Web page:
Colorado State Judicial Issues Revised Family Law Form

The Colorado State Judicial Branch has been continuing its efforts to keep the JDF forms up-to-date. In May, one form was revised for use in domestic and family law cases. Practitioners should begin using the new form immediately.

Most forms are available in Adobe Acrobat (PDF) and Microsoft Word formats; many are also available as Word and Excel templates. Download the new form from State Judicial’s individual forms pages, or below.

Domestic/Family

  • JDF 1804 – “Income Withholding for Support” (revised 5/12)

Tenth Circuit: Court Made Adequate Finding of Reliability with Respect to Expert’s Testimony

The Tenth Circuit Court of Appeals published its opinion in United States v. Avitia-Guillen on Wednesday, June 6, 2012.

The Tenth Circuit affirmed the district court’s decision. Petitioner, a citizen of Mexico, “lawfully entered the United States in 1955. He obtained permanent resident status in 1988 but was deported in June 1996 after being convicted of an aggravated felony. Immigration and Customs Enforcement discovered [Petitioner] in Denver, Colorado, in May 2011. A grand jury indicted [Petitioner] with one count of being found in the United States after deportation . . . . At trial, the Government called a fingerprint examiner with the Colorado Bureau of Investigation (CBI) . . . to testify that [Petitioner]’s fingerprints matched those on his 1996 deportation records.” Petitioner’s counsel objected to [the witness’] qualifications, but the district court overruled him. After being found guilty, Petitioner argued on appeal that the district court failed to make adequate findings of reliability with respect to the expert’s testimony.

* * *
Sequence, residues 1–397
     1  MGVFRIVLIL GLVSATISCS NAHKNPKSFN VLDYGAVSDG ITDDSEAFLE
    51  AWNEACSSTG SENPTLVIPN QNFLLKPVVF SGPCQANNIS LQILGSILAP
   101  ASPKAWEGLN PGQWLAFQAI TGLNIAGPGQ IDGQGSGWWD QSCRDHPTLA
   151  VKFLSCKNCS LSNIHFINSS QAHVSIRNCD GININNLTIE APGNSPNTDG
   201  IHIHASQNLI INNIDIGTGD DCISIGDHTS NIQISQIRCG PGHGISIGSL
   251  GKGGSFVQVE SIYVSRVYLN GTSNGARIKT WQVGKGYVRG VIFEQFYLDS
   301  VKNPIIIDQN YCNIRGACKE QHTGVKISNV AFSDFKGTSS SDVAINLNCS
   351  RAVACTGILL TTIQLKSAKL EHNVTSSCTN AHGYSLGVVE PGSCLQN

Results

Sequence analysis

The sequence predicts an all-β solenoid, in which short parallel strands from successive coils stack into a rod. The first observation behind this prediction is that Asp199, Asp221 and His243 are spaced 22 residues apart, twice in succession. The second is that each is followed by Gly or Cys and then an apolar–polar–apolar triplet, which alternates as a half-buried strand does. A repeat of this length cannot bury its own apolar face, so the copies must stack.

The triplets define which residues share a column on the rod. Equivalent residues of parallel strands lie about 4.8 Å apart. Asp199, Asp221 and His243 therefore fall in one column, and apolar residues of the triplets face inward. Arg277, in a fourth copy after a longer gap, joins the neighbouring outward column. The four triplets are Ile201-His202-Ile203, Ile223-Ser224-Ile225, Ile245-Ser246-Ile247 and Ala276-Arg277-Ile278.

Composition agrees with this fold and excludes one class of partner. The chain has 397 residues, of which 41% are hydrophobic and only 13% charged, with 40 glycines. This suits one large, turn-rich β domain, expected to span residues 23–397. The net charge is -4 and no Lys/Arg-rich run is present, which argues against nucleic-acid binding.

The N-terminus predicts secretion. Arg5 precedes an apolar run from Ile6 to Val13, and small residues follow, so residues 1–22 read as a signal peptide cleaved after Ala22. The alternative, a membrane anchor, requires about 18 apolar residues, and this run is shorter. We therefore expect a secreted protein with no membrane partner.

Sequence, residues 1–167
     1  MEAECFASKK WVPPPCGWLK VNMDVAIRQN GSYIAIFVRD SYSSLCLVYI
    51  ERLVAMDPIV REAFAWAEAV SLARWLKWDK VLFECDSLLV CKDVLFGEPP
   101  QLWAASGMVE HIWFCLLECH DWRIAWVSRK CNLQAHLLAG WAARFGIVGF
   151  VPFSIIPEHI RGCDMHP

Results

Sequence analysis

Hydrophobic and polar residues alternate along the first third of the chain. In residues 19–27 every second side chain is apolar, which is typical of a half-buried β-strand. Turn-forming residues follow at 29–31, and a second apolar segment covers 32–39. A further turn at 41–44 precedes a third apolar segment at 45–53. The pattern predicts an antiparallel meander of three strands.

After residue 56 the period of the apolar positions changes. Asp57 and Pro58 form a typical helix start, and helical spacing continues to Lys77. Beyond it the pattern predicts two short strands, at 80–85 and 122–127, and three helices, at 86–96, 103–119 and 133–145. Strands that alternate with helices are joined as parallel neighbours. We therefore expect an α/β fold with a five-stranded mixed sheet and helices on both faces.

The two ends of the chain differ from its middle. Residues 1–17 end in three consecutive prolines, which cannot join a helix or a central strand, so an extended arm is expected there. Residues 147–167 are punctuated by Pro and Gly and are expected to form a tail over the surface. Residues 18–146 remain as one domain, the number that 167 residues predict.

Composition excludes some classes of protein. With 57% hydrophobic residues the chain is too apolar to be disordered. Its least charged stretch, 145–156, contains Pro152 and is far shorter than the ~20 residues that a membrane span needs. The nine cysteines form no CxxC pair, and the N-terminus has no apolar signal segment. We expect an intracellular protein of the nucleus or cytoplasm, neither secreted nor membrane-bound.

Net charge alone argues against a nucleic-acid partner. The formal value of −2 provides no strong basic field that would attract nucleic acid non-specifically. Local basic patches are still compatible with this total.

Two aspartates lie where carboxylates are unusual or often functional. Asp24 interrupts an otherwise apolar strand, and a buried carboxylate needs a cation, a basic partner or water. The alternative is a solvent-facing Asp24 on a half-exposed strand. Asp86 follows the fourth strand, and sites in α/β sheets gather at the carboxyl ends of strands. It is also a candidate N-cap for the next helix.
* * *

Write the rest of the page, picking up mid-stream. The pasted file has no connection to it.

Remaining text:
On appeal, Petitioner did not renew his objection to the witness’ qualifications as an expert witness, and he did not challenge the scientific reliability of fingerprint identification. Instead, he argued the district court erred “by failing to create an adequate record demonstrating that it satisfied its gatekeeping obligations.” The Court determined that to “adequately demonstrate by specific findings on the record that [the district court] has performed its duty as gatekeeper,” a court must make at least “some kind of reliability determination. . . . The key inquiry is whether the appellate court can determine whether the district court ‘properly applied the relevant law.’ . . . The district court gave ample evidence it was applying the Rule 702 standard. The court said [the expert] was qualified to testify as a fingerprint examiner based on her ‘training, education, background and experience.’ . . . So the record is sufficient to demonstrate the district court applied the relevant law. . . . . These findings adequately demonstrate the district court did, in fact, ‘perform[] its duty as gatekeeper.'”

Tenth Circuit: Unpublished Opinions, 6/6/12

On Wednesday, June 6, 2012, the Tenth Circuit Court of Appeals issued one published opinions and five unpublished opinions.

Fields v. Miller

United States v. Limon

Wing v. Dockstader

Burke, Jr. v. Rudek

Arriaga-Alvarado v. Holder, Jr.

No case summaries are provided for unpublished opinions. However, published opinions are summarized and provided by Legal Connection.